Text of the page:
If an API is not comprehensive, and if actual AT product compatibility testing is required, what should be the extent of the testing? How many versions of how many AT products should be tested against, and how thorough should those tests be? The committee struggled with all of these questions but could not reach a consensus.

Reporting AT Compatibility Testing Results

The question about creating a requirement to report accessibility testing results was discussed with no agreement reached.  There was concern regarding legal risks, indemnification clauses, and testing tool license agreements as the reasons publishing test results should be rejected. There was also concern that this information could be important to the procuring agency.

During the course of a pre-procurement negotiation an ICT vendor could be required by an agency to release its compatibility test results, including gaps and workarounds it had discovered or developed. This was a topic that the Committee could not reach consensus on.

5.4   Accessibility for People with Cognitive Disabilities

The Committee considered recommendations for provisions to support accessibility for people with cognitive, language and learning disabilities.  The Committee received presentations from two experts in the field, Dr. Clayton Lewis and Nancy Ward, and learned about the wide range of disabilities covered under this category. They include intellectual and developmental disabilities, dementia (deterioration of cognitive functioning), impairments of memory, aphasia, and a range of specific learning disabilities.  Both presenters shared examples of products and features that help serve the needs of people with cognitive disabilities.

Many of the provisions support people with cognitive disabilities as well as improve access for people with other types of disability. Some examples are the provisions on error identification (3-AA), not changing context on input (3-Z) and on focus (3-Y).  The information ICT must provide to AT also supports the use of AT to provide for several of the broad needs of people with cognitive disabilities that were identified by Dr. Lewis.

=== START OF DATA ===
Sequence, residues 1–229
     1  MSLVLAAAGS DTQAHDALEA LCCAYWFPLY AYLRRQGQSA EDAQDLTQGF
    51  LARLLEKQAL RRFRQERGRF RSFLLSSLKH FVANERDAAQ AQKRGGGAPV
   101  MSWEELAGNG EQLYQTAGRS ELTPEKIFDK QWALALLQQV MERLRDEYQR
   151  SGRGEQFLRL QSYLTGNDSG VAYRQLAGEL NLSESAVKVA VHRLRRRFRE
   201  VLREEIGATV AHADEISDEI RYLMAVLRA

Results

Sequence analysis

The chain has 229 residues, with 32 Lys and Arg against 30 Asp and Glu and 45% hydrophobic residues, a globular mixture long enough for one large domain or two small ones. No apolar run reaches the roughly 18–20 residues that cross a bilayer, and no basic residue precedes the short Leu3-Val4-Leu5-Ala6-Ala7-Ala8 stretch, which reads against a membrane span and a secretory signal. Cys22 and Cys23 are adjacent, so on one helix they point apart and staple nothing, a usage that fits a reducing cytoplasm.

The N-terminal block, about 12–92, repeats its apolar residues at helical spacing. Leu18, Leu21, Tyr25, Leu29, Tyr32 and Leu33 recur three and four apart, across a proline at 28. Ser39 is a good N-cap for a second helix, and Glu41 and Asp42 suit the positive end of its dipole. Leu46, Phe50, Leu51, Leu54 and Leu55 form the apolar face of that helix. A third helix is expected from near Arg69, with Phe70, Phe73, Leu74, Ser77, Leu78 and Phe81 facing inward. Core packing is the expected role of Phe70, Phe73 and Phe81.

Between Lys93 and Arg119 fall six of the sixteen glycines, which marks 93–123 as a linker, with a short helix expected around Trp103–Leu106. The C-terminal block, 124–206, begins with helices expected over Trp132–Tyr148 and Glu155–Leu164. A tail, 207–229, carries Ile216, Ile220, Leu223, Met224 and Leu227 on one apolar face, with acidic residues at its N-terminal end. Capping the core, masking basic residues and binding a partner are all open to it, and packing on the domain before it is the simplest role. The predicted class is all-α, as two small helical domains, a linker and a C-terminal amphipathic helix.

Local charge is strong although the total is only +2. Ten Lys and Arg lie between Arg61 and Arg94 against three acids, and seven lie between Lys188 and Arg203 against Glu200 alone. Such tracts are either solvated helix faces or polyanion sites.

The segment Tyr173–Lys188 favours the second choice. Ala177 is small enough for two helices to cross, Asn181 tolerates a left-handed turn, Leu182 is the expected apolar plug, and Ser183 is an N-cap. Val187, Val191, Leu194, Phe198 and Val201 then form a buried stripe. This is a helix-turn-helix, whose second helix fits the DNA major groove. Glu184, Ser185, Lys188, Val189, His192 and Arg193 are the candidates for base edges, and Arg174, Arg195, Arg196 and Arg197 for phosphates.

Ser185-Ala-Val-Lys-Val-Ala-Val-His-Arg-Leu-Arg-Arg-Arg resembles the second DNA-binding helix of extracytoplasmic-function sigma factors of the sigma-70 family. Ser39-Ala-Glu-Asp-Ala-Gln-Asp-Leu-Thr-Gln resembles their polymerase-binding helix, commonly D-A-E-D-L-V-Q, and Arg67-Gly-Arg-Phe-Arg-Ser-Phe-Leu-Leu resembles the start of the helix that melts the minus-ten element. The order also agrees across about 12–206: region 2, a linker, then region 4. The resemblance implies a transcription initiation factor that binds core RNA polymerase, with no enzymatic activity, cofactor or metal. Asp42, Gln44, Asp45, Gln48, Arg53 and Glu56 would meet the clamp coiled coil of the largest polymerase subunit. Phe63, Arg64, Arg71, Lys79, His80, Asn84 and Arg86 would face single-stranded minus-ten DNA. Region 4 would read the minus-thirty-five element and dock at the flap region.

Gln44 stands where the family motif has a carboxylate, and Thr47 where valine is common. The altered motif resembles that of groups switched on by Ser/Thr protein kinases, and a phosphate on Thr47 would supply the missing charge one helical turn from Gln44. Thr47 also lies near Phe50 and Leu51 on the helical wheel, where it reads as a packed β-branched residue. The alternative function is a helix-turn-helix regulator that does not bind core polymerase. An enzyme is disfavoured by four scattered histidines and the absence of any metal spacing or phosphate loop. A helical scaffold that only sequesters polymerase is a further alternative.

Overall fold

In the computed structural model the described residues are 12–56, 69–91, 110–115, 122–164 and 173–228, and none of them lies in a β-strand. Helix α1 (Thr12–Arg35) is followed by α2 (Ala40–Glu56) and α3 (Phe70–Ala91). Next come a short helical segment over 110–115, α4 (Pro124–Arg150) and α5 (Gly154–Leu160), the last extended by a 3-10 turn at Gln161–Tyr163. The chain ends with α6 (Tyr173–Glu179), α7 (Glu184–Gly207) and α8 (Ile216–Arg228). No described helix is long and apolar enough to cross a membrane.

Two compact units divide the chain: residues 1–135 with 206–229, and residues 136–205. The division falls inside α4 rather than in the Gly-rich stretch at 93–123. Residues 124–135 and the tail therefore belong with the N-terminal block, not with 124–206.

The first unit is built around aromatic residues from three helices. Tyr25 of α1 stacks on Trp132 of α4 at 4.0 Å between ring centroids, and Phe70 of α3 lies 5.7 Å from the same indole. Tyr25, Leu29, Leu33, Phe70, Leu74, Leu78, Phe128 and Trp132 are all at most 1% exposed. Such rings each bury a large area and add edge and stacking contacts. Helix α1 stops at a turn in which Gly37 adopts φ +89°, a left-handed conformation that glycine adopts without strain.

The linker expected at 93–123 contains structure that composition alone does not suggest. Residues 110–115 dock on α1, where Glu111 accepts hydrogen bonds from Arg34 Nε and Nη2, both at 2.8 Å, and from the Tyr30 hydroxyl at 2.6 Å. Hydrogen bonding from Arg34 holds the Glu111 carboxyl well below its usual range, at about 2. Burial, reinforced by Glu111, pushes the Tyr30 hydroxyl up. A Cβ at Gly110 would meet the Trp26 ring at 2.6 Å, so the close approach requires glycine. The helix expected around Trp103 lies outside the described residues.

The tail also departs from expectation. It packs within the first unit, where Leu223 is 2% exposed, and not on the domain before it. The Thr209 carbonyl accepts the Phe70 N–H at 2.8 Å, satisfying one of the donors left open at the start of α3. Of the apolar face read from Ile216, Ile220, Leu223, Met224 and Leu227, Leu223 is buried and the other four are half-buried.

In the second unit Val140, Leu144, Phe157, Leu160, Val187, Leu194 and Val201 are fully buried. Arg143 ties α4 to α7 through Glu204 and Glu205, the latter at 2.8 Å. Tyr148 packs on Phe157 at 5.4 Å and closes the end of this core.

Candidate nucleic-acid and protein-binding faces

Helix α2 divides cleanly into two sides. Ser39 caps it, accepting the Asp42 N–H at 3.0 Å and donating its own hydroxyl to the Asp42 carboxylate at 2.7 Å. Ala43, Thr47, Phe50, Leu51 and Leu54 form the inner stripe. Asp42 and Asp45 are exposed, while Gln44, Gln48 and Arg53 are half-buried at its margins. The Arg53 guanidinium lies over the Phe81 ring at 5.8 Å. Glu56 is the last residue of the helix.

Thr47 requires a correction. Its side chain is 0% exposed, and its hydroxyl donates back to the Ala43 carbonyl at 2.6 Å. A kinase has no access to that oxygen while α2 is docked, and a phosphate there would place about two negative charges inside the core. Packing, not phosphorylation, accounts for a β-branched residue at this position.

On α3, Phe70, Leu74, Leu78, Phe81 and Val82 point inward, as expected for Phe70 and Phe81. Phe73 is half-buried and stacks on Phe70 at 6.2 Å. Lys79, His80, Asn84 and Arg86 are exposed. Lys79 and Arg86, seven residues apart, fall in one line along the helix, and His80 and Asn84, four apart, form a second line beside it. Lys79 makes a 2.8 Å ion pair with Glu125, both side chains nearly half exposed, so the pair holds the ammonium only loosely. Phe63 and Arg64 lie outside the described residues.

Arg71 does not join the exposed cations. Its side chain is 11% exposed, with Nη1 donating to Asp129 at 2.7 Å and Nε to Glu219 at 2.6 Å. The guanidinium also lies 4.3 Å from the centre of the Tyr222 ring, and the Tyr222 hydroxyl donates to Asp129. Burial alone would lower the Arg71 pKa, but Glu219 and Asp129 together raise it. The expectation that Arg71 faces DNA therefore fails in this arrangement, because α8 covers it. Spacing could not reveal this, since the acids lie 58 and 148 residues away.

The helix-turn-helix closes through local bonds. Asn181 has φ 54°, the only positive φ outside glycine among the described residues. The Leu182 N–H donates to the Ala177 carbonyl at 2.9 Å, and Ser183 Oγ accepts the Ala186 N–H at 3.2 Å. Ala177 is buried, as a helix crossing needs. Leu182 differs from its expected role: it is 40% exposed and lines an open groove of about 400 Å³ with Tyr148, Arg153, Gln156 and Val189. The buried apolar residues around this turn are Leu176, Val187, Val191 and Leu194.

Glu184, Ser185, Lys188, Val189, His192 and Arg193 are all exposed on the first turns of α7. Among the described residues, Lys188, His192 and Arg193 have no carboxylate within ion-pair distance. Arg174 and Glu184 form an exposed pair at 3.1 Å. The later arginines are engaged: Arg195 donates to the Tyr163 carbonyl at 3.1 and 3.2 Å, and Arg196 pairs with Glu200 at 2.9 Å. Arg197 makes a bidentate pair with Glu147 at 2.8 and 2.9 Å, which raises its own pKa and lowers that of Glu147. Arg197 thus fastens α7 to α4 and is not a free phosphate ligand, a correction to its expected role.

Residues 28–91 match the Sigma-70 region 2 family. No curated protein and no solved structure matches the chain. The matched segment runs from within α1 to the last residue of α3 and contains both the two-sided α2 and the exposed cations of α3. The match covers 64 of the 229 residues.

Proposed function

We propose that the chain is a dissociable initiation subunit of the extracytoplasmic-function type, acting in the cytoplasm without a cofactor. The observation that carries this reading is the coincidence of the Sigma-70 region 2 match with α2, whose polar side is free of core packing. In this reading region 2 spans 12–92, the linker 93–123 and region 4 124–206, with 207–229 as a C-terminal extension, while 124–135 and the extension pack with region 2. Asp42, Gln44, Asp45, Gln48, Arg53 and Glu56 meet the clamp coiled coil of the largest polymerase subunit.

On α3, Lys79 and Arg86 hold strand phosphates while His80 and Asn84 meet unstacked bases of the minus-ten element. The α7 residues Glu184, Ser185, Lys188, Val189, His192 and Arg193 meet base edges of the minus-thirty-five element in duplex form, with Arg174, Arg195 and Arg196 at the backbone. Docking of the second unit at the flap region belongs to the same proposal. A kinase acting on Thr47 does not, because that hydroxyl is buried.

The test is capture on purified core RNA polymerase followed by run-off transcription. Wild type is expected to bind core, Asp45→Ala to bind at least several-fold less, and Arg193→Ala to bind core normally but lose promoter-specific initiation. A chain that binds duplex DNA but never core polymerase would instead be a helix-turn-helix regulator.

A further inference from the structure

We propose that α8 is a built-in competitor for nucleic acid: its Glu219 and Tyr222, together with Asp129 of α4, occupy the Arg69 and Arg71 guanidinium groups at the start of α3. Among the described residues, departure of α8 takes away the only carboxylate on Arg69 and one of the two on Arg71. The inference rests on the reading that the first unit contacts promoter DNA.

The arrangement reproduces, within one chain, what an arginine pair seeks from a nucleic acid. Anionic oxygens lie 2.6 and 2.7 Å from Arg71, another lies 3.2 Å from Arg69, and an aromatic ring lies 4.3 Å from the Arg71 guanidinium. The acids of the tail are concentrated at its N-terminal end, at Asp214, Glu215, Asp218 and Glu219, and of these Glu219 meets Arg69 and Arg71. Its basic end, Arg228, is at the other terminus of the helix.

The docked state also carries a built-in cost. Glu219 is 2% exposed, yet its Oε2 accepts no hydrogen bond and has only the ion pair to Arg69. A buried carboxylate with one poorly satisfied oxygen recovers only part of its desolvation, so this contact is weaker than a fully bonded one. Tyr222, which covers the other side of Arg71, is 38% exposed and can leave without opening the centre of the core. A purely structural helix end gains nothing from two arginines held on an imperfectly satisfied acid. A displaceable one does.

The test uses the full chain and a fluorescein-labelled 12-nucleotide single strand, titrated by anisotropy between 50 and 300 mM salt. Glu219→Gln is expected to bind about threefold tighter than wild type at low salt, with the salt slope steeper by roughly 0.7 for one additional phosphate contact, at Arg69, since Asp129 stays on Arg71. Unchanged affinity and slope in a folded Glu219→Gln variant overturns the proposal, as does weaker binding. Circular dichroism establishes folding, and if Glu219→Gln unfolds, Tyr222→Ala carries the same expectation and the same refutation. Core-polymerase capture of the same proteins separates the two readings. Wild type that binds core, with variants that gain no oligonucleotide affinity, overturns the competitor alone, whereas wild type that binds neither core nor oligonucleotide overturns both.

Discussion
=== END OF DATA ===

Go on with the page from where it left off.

Other suggested provisions included in the advisory notes for developers are being passed on to the Access Board.

5.5   Usability of the Standard and Guidelines

Writing Style of the Provisions
Making the Complex Clear
Improving the Usability of the Requirements


The difficulty of understanding the current regulations was one of the recurring subjects of presentations and comments submitted throughout our work. We heard that it is difficult for people from both government and industry to understand the scope, detailed technical interpretation, and applicability of the regulations.

There were many challenges in the process of working towards bringing a high degree of usability to the standards. Our goal was to make them effective at specifying product requirements for accessibility, and useful in both the product development and procurement process. We had to consider:

  1. How to organize the provisions so that it is easy for people to understand which requirements apply in any given situation.
  2. How to harmonize our work with other standards, fitting them into our own style and structure while leaving no doubt about the intended consistency.
  3. How to write the provisions themselves so they are clear and easy to understand, even when the content of the provision is technical.

Writing Style of the Provisions

One answer to the challenge of writing style can be found in the approach to clear communication called “plain language.” Guidance from the National Archives’ information on drafting regulations, for example, says that “Readable regulations help the public find requirements quickly and understand them easily. They increase compliance, strengthen enforcement, and decrease mistakes, frustration, phone calls, appeals, and distrust of government. Everyone gains.”13